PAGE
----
Seeing it saves us from despair.
"To be hopeful in bad times is not just foolishly romantic. It is based on the fact that human history is a history not only of cruelty, but also of compassion, sacrifice, courage, kindness." —Howard Zinn
Why don't we know more about Cinderella's fairy godmother? We don't even know her name.
It's strange. Here's a supernatural being that has, for reasons and time unknown, kept watch over a poor, mistreated stepdaughter. And despite all of her power, Whats-Her-Name never intervenes until she can come to Cinderella's rescue just before the ball. What exactly is going on here?
Or what about the old man who helps Link in the classic Nintendo game, The Legend of Zelda? "It's dangerous to go alone," he tells the unarmed boy. And then he hands him a sword. "Take this." Why in the world is this unnamed senior citizen living in a cave and handing out weapons to minors?
Most people haven't the faintest idea of where Yoda came from, or why he's a Jedi Master. When he first appeared on movie screens in 1980, audiences just accepted the strange little alien, as-is.
I could go on.
In every version of the Monomyth—Joseph Campbell's distillation of the Hero's Journey—there is always (always!) a helper. The protagonist finds themselves alone, stretched beyond their capacity. They've left the comforts of home to undertake a great quest, only to end up out of options, strength, and faith. All hope is lost, darkness closes in…and then comes the helper.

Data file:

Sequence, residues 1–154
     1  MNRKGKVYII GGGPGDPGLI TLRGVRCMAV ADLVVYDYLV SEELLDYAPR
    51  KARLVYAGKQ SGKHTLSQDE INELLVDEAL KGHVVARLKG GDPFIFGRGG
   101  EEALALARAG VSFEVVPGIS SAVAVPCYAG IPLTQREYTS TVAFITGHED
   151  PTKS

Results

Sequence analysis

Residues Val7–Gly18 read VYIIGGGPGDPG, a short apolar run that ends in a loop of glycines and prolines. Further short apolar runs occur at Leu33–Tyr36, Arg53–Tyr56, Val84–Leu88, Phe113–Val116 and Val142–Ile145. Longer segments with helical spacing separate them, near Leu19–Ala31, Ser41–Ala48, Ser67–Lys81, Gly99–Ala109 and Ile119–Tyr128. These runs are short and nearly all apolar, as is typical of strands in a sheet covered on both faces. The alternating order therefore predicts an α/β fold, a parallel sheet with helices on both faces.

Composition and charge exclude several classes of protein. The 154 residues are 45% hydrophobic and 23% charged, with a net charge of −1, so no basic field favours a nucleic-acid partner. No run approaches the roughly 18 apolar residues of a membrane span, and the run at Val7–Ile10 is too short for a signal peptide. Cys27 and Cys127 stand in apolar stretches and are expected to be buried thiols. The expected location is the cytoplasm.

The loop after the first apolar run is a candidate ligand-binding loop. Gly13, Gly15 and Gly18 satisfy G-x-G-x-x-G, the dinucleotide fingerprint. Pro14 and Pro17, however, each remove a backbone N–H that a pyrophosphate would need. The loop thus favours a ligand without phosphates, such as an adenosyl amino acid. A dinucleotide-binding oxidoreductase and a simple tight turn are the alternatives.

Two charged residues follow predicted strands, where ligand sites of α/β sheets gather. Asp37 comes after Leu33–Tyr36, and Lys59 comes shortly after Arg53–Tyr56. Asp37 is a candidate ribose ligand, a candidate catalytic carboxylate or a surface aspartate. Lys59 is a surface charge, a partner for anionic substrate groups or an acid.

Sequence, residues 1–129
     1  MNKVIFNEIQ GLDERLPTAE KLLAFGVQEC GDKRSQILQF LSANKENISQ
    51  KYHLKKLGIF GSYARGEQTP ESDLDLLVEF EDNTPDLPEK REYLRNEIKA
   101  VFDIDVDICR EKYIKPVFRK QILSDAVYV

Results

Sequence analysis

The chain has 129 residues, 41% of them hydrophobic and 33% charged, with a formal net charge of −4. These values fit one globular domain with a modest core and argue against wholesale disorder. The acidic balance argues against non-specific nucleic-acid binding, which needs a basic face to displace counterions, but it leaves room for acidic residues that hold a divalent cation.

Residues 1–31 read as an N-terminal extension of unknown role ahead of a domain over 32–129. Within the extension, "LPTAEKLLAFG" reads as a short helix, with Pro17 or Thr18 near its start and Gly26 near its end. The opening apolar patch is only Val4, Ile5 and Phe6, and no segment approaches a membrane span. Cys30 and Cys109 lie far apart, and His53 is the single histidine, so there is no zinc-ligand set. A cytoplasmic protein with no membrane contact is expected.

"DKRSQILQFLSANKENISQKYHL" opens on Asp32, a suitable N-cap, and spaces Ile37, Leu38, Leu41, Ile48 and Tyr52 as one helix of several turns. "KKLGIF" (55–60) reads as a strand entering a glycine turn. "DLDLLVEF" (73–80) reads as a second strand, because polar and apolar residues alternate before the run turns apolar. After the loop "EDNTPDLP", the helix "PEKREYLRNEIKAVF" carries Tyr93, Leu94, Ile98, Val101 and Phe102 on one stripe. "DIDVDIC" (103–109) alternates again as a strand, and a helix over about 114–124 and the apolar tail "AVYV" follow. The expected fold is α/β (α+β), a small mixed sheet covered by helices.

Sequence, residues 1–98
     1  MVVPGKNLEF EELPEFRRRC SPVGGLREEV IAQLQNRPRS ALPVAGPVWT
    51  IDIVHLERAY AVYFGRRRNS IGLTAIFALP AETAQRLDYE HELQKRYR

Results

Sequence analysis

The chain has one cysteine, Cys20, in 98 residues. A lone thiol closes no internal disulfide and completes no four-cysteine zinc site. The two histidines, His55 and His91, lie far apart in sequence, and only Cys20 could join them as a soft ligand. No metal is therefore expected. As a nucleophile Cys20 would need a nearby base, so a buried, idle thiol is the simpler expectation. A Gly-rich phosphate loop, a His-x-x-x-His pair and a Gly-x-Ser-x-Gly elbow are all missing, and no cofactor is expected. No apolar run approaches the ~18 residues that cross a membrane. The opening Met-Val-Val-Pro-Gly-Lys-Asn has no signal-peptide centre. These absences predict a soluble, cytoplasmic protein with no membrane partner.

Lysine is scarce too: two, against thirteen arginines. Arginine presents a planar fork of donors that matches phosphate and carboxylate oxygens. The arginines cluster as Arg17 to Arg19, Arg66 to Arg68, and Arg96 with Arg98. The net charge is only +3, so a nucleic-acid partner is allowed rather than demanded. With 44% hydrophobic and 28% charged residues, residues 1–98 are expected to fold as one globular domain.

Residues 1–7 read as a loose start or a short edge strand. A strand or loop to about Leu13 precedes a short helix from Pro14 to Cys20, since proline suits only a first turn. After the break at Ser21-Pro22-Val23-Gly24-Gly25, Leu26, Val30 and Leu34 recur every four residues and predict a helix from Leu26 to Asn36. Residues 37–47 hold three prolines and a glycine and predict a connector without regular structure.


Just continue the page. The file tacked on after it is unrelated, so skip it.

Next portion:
We're all so familiar with this moment of the story that it comes to us as second-nature. As tense as those moments are, we don't give up even when the hero does. "Help is coming!" our hearts cry out. Sometimes it's the mysterious, Fairy Godmother getting Cinderella to the ball. Or it might instead be the faithful friend, like Samwise Gamgee carrying Frodo Baggins to the top of Mount Doom. Or the dying Uncle Ben giving Peter Parker the jewel of wisdom that he needs to become Spider-Man.
The helper is so common that we take them for granted. This is why you've never puzzled at the fairy godmother or wondered why Yoda is a Jedi Master. Whoever the helper might be, we're sure that in the darkest of moments Help Is Coming.
But why are we so sure?
Perhaps this confidence naturally comes from the fact that every story we're told sets this expectation. The tales drill it into us. We have no reason to expect anything else.
But why do we believe the stories? I think it's because of experience. I think we have intuitively learned that help is everywhere.
This may be a hard idea to accept with a world drenched in suffering. Every day:
- Someone innocent dies at the hands of an angry man who will escape justice.
- Cancer patients give up their last breath because no cure arrived in time.
- People are robbed, and there's no Spider-Man to protect them.
With all these times that it didn't come, how can we still believe that Help Is Coming? It's because help is everywhere.
Help is common all over the world.
Just like suffering, helping is universal to the human experience. Despite all the evil in the world, consider:
- Most of us never have to stare down a murderer, because we're surrounded by people we can trust.
- Most cancer patients—two of every three!—survive the disease and live long, happy lives thanks to miracle cures developed by brilliant people.